Who’s the Muse?
Who’s Terri Belford?
(the Resume Version)
Terri has been self employed for over 30 years in businesses developed out of personal interests in the advertising, home furnishings, fine arts, healing arts and contemporary crafts fields. She started her first business in her 20s . Her most recent business, a gallery of contemporary craft, continues to thrive under the creative direction of a new owner. The businesses were all profitable and started on very little capital. Since selling her gallery in 2007, Terri has continued to help aspiring entrepreneurs, artists, crafts people and collectors become their own boss while making a living based on their passions.
Terri says, “ Creative people don’t need more ‘how-to’ business books. They need someone to tune in to their interests, really listen and give them concrete ideas to make their passions profitable. I’ve found most aspiring entrepreneurs are turned off by rigid business plans and MBA speak. I help them design a customized map to put the life back in their livelihood and turn their interests into income and craft into cash.. I’ve yet to meet a dream that can’t be translated into a profitable business.“
The Muse in First Person
My work and playtime are a lovely collage of walking my dog, Lucy, by the sea, camping in the Monterey pines, and cross country road trips in my VW camper. (Much to my niece Emily’s disappointment, it’s missing the peace sign and flower power. My son, Todd, has the 70’s hippy version) My adventures are in a glorified minivan complete with mobile air-card, a desk and outlets to recharge my laptop. While it’s true I do venture into cities to conduct workshops and consult with clients, I can frequently be found camping in the redwoods of my beloved Big Sur visiting with artists and doing “research”.
I love reading, writing, spending time with family and friends, hearing the stories of strangers and watching people in airports. The art and customs of different cultures fascinate me. Motown music makes me happy, Black Gospel singers stir my soul and the Blues makes me cry. While I am shy about public performance, I do dance alone in my kitchen and sing alone in the car. My favorite teachers are those under five or over eighty five.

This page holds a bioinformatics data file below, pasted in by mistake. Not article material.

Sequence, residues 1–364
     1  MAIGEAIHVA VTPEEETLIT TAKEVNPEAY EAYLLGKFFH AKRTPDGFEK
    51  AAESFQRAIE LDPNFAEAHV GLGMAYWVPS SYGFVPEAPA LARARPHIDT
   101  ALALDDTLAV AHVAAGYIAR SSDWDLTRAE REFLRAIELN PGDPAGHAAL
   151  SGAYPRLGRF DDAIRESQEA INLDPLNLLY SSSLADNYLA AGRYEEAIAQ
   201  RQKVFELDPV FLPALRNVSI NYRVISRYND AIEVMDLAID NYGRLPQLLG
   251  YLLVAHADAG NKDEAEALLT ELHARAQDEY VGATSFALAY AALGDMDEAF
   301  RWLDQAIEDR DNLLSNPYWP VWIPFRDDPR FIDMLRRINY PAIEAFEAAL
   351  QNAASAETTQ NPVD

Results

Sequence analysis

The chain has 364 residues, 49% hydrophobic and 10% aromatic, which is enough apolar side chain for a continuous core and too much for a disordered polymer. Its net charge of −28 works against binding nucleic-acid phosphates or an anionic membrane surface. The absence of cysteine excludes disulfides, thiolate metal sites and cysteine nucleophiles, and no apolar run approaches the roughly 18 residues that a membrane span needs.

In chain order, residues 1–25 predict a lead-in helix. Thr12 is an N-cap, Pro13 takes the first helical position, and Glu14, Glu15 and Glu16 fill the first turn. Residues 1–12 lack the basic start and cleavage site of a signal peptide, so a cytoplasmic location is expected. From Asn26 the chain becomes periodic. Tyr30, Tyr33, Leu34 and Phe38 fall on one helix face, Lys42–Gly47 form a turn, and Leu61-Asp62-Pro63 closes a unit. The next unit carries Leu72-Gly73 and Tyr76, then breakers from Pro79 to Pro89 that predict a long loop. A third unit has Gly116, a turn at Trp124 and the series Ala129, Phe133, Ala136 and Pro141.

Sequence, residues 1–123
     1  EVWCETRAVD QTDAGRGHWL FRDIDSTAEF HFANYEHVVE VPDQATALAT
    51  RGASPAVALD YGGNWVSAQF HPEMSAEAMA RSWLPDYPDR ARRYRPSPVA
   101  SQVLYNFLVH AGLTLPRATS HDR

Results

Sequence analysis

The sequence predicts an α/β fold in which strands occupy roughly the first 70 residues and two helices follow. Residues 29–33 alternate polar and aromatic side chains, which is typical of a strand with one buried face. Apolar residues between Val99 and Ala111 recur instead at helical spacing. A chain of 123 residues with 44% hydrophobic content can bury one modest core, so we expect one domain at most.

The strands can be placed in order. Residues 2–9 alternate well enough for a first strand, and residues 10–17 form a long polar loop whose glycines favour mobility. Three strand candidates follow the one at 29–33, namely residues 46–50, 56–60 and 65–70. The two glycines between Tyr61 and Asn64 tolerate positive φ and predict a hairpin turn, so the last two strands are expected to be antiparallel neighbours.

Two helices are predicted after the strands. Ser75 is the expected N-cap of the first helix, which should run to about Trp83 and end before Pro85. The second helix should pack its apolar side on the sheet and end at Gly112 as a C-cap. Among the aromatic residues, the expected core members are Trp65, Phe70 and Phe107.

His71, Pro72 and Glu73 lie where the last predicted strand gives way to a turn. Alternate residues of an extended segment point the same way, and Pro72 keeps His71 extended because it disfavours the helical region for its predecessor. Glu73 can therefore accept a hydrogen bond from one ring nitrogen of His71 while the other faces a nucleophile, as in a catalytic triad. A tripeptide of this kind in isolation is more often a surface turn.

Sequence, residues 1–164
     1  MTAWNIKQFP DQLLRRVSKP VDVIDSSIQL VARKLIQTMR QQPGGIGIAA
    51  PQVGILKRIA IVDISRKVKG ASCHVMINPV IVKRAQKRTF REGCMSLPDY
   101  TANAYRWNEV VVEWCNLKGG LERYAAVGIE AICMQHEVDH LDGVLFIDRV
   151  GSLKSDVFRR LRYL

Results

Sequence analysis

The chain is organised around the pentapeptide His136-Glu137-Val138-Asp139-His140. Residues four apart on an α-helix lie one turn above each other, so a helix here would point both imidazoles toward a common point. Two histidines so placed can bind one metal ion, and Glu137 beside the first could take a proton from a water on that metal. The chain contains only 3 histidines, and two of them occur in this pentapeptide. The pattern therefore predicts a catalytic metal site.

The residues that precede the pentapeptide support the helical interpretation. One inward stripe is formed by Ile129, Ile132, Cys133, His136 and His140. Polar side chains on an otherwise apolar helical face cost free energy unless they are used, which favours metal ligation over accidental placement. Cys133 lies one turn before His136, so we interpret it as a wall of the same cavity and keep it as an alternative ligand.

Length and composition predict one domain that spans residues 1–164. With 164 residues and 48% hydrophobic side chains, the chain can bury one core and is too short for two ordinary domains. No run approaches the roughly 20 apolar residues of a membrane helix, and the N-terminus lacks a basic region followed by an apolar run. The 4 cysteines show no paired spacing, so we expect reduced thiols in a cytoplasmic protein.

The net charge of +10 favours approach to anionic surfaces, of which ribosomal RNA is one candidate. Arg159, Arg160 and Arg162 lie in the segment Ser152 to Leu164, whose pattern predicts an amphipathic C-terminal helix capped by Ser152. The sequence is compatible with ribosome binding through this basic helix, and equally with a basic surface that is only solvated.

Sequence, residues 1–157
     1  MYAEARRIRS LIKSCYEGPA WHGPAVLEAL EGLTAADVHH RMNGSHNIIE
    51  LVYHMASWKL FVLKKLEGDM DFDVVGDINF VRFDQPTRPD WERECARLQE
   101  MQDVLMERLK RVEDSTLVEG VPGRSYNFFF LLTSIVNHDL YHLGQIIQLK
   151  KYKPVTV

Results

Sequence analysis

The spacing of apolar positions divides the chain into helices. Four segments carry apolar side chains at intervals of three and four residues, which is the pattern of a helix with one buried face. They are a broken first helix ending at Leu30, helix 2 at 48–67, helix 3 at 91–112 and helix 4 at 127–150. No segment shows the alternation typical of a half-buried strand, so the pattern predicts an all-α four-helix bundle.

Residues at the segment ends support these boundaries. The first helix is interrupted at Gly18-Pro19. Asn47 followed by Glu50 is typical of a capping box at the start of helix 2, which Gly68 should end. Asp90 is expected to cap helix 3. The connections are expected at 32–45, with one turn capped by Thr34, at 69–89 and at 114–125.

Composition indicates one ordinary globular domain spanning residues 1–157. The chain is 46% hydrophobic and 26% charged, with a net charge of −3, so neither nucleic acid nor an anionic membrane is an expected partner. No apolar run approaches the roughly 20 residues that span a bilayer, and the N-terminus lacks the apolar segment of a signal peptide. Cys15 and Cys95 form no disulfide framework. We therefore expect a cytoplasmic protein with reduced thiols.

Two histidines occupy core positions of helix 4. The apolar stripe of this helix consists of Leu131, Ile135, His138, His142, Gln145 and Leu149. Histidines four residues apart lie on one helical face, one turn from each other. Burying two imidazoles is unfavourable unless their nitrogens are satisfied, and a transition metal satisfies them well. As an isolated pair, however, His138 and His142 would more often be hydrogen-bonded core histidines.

Why I’m the Muse
My story is more about where I came from than where I am now. I don’t for a minute believe that I’d be who I am had my dad not been the oldest child of poor Russian immigrants, with the responsibility of supporting his mother and siblings at fourteen.
The last time I saw him, shortly before he died, my dad gave me a cherished gift. He told me that if he could live his life over as someone who hadn’t had those hardships, had he been given the opportunity to become a physician, attorney and other professional, he’d want to live exactly as he had. I believe the greatest legacy a parent can leave is having no regrets in the end.
My dad told me once that he only played golf because his doctor told him to find a hobby, that he didn’t particularly enjoy the game and that his favorite past time was business. As a kid, I found that a little odd, but now I get it. I see now that if work is a product of your own creation, nurturing it is fulfilling and rewarding. And every bit as much a game as golf.
While it was typical of my parents generation to pressure their kids into going toward “practical” professions and land solid corporate careers after college, my sisters and I were encouraged to embrace our creativity. My sister, Pam, wrote her first song at nine and although she didn’t have her first big hit until forty, our parents never discouraged her or suggested she just give up and focus on making her “more stable” library job a career. And when I announced plans to major in art, my dad only mentioned that I might want to learn some commercial art as well.(note: I didn’t listen and later when I wanted to open my own ad agency, my dad did not offer to loan me money. He gave something bigger. He said, “I’m glad you’re resourceful.” It’s my belief that he was able to let us be our artsy selves because he knew something that those parents with steady paychecks didn’t. He knew that the only real job security was the job you create for yourself.
He saw decades ago what high level executives are only now realizing: that entrepreneurs possess the creative problem solving abilities to make it through tough times. My dad left us a gift so much more valuable than cash. He showed us that our most valuable asset is our own resourcefulness.